It's hard to say what the neighbors thought if they saw me leaning out of my bedroom window wiping my window-washing drips with a wad of paper towel clasped in a pair of tongs. The squeegee-sponge gizmo worked well, but I couldn't quite get the proper angle to apply the requisite pressure to the squeegee on the window that was the hardest to reach. The alarmed swallows threatening to peck my eyes out while defending their nests (yes, there are two of them now) added to the drama. I washed the wall of windows in the master bedroom one at a time, mindful that the swallows might need a break from all the stress. I certainly needed a break from wondering what would possess a builder or an architect to create the odd combo of double-hung and sliding windows that are difficult to access for washing from the inside. There is a rather handy ledge, but having seen those architectural trim pieces at Home Depot that appear to be made out of something like styrofoam, I couldn't help but wonder if the ledge might crumble. Plummeting to the patio would be very inconvenient.

I washed all the windows on the second floor that could be accessed today, running the screens down to the patio for hosing and then back up again.

I applied privacy film to the lower panes of my bathroom windows, so that now I can run stark naked through the bathroom--which is what one often does in the bathroom. Even though my neighbors windows look directly into my bathroom, it's now possible to lie in the tub unobserved while still seeing the sky through the upper panes. And window coverings are now unnecessary.


Another builder/design conundrum: If you are going to put  giant windows in a bathroom--windows that require shades or blinds, being able to access said shades or blinds without climbing into the bathtub and then out of it onto the far edge of the bathtub to do so would be sensible.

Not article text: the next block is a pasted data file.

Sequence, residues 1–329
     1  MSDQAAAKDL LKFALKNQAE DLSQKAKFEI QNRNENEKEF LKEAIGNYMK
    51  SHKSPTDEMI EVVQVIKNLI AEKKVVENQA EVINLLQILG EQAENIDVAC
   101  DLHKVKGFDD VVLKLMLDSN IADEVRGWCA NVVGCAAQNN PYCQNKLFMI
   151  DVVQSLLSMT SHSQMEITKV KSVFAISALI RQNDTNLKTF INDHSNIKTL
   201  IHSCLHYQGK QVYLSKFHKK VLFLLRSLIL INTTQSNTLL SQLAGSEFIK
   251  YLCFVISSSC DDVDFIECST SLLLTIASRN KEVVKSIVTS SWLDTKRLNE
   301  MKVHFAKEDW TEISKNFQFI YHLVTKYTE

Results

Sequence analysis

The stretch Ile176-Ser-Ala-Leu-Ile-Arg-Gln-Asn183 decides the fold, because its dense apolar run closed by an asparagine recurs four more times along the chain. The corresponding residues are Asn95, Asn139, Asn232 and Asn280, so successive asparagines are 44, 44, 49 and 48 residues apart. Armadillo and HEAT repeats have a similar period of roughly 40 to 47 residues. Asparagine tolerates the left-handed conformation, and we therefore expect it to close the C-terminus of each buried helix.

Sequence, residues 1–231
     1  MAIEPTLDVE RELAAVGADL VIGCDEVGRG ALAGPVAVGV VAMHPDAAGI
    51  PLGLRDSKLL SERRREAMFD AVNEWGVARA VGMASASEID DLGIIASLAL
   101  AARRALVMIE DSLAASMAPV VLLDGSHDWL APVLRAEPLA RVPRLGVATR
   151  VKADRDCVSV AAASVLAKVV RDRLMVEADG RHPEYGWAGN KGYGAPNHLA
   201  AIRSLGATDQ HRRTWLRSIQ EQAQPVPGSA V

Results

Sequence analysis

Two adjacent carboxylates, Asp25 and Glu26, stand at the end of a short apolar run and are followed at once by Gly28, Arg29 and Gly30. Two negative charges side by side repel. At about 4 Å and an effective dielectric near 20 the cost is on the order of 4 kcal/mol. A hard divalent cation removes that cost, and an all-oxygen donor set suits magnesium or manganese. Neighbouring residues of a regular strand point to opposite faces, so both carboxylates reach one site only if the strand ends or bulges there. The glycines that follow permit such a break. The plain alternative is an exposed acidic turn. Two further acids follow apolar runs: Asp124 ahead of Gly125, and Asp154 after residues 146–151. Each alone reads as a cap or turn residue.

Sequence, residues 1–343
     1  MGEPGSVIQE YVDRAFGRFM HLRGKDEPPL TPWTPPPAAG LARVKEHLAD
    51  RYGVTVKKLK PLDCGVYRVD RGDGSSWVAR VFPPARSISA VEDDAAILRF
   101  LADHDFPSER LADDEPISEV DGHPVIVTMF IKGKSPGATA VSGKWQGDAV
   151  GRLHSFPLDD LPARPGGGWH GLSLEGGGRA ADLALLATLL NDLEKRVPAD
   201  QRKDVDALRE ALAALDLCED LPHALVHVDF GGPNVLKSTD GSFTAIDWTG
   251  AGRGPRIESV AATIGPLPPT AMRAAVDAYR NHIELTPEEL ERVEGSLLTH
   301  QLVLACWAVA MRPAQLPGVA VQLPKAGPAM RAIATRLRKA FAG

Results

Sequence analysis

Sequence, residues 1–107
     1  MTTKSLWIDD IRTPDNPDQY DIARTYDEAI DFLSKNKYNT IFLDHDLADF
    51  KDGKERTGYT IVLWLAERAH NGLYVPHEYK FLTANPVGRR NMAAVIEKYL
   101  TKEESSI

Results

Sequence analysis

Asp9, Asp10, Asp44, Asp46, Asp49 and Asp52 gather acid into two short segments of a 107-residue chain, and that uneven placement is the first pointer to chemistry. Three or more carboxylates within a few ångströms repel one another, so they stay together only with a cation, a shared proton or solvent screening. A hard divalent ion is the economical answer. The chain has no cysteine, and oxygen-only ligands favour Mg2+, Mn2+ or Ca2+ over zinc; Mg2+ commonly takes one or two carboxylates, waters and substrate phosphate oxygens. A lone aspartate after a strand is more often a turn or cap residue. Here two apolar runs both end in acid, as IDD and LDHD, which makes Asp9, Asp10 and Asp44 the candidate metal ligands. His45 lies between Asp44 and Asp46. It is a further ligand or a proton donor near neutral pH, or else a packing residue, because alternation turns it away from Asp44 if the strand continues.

I unpacked boxes, moved boxes around from here to there, and swore at the boxes that are too heavy. I think I'm going to ask anyone who visits to carry a box of books up the stairs if they are able.

I washed linens and put them on the two new beds.

I made four stacks of sheets and blankets, getting ready for an onslaught of grandchildren.

And tonight, I'm going to sleep in a bed here for the first time.


The air bed is pushed into a corner waiting for guests. Hear that? It's me sighing with contentment.


Thursday, May 17, 2012


I didn't notice the San Pedro Street trees at first. The jacarandas are blooming, and Little Tokyo is stealing the show, ringed by the jacarandas' purple curtain. The trees on San Pedro street are not in blossom. They do not tower over the people on the sidewalks or reach up to the windows, but these trees on San Pedro Street are giants of possibility. I learned about them from a student of mine at the DWC. A tree saved her life once. You can watch for her story on the Trees on San Pedro Street Project blog.

Wednesday, May 16, 2012

How I Came to Have a Glass of Wine at 9:45 a.m.


Yesterday I washed all of my downstairs windows. I bored myself with speculating about how much it would cost to hire it done, and finally went to Home Depot and bought a combo sponge/squeegee thing on a pole along with a bucket a bottle of "professional" window washing stuff and just did it. Then when the closet remodeling guys finished I sped back to Home Depot and bought a quart of flat white paint and painted all the parts of the closets that needed re-painting. My closet is so fabulous I should throw a party in it. Girlfriends only. We should hire someone who does nails and sit inside at a little table with a white linen tablecloth and have tea and sherry while we get our toes painted.